ALEXANDRIA, Va. — Thousands of people will be needed for near- and long-term nuclear security missions at the Savannah River Site south of Aiken, which translates to a great deal of jobs in the foreseeable future.
The related hiring effort begins soon, if not now, according to a presentation made Wednesday by Savannah River Nuclear Solutions President and CEO Stuart MacVean. It will likely peak around fiscal year 2025, when roughly 5,500 people will be needed for plutonium pit production preparations, tritium ventures and the in-the-works Surplus Plutonium Disposition project – individual pieces of the overall Savannah River Site pie.
Similar staffing levels are predicted for fiscal years 2024 and 2026, according to a chart MacVean showed during his speech. Things could level out, to just shy of 4,000 people, around fiscal year 2028.
The site already employs thousands and is a momentous economic driver in the two-state region.
"It's a really exciting time at Savannah River," MacVean said at the 2020 Nuclear Deterrence Summit, stressing how much is actually underway at the sprawling nuclear reserve neighboring New Ellenton. "There's just a lot of activity going on at Savannah River."
A majority of hires made by Savannah River Nuclear Solutions, the top contractor at the Savannah River Site, are local. Nearby schools and colleges have aligned courses and classes with what is done, and what is to come, at the site.
Aiken Technical College lists nuclear fundamentals and radiation protection programs on its website, and last year, thousands of pounds of unneeded stainless steel from the site were donated to local welding curriculums at the Aiken County Career Center, South Aiken High School, Wagener-Salley High School and Grovetown High School, among others.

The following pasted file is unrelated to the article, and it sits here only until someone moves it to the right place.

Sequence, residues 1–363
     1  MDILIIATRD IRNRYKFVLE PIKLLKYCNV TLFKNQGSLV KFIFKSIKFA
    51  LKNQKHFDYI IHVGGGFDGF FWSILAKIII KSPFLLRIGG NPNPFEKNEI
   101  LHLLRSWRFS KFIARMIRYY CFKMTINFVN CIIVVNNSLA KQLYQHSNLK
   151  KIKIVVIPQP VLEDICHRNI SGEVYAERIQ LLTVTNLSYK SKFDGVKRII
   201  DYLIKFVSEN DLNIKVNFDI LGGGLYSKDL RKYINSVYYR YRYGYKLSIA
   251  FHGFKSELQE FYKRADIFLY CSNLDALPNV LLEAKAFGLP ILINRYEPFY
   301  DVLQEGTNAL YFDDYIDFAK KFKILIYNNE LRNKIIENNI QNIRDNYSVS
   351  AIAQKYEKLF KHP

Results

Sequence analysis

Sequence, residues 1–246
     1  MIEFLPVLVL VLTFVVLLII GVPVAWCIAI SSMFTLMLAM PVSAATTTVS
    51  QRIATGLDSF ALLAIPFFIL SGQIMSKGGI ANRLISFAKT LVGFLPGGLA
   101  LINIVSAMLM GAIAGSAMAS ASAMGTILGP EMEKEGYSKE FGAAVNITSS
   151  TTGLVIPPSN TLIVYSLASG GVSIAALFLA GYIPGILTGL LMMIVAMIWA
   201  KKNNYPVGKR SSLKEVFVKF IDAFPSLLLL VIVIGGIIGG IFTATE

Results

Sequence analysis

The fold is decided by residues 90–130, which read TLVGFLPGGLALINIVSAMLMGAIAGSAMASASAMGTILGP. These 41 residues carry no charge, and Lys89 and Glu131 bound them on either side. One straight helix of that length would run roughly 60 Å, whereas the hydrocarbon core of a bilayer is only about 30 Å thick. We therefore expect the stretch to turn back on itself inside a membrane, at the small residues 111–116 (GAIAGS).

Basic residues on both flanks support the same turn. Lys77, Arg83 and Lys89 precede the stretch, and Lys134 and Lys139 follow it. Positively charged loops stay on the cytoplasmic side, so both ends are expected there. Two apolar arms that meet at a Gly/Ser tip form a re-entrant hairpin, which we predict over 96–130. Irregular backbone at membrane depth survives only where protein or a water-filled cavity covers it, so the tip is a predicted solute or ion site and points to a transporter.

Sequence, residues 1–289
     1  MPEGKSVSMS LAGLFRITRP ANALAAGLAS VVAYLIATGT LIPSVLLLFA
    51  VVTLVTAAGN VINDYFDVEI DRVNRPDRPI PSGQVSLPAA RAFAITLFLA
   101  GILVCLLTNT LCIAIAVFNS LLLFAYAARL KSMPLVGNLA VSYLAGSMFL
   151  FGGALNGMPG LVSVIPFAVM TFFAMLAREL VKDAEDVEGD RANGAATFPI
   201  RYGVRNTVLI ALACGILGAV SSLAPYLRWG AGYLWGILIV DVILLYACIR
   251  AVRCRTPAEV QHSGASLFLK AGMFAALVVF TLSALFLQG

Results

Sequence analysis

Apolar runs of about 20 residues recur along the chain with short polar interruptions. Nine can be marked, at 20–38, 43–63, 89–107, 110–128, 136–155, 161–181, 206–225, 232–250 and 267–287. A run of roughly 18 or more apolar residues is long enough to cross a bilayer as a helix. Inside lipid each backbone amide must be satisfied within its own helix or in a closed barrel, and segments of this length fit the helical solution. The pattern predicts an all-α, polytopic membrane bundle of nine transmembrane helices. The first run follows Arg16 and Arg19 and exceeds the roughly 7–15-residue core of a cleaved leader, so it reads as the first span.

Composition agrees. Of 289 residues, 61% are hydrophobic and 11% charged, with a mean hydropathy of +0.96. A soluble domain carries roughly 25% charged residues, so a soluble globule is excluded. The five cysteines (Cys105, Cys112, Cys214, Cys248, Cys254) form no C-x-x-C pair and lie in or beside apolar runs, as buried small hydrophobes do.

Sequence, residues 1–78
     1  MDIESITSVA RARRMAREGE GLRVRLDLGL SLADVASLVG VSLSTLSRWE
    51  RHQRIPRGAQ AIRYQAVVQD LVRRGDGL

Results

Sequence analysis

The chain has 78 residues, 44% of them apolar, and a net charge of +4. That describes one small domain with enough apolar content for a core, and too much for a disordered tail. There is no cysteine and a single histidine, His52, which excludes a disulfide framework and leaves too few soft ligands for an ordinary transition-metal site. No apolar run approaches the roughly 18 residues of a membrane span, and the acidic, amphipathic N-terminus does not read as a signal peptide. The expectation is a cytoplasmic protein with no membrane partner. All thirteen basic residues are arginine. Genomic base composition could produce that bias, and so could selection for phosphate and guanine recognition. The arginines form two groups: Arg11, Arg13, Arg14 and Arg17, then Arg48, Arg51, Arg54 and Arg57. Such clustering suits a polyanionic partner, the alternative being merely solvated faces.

Earlier this year, SRNS signed memorandums of understanding with South Carolina State and Claflin universities, partnerships with historically black colleges and universities that could advance academic achievement and diversify the nuclear workforce.
"As we work to fill our pipeline," MacVean said at the time, "we're seeking candidates who have qualifications that meet our education and training requirements in any one of several occupations."
South Carolina State University is home to the Palmetto State's only undergraduate nuclear engineering program.
The projected job growth at the Savannah River Site dovetails with project deadlines and schedules that, while they may seem distant and flexible, are ever-closer and, in some cases, are actually recognized as aggressive.
By 2030, the Savannah River Site must produce 50 plutonium pits – nuclear weapons cores – every year, according to a 2018 proposal from the National Nuclear Security Administration and the U.S. Department of Defense. The U.S. hasn't had a large-scale pit production capability for years, and the recommendation made suggests repurposing the failed, multibillion-dollar Mixed Oxide Fuel Fabrication Facility.
Plutonium pit production in South Carolina, MacVean said, will require a very specific group with a very specific skill set.
The Surplus Plutonium Disposition project – more commonly known as dilute-and-dispose, meant to process and disposition metric tons of deemed-surplus defense plutonium in the U.S. – begins operations in earnest in about eight years, according to an NNSA roadmap. The actual path there involves intricate design work and the installation of specialty equipment.
"So right now, our design labs and our production sites, it goes without saying, they're pretty busy," National Nuclear Security Administration Deputy Administrator for Defense Programs Charles Verdon said Wednesday morning. "They're probably going to be a little busier going forward for awhile."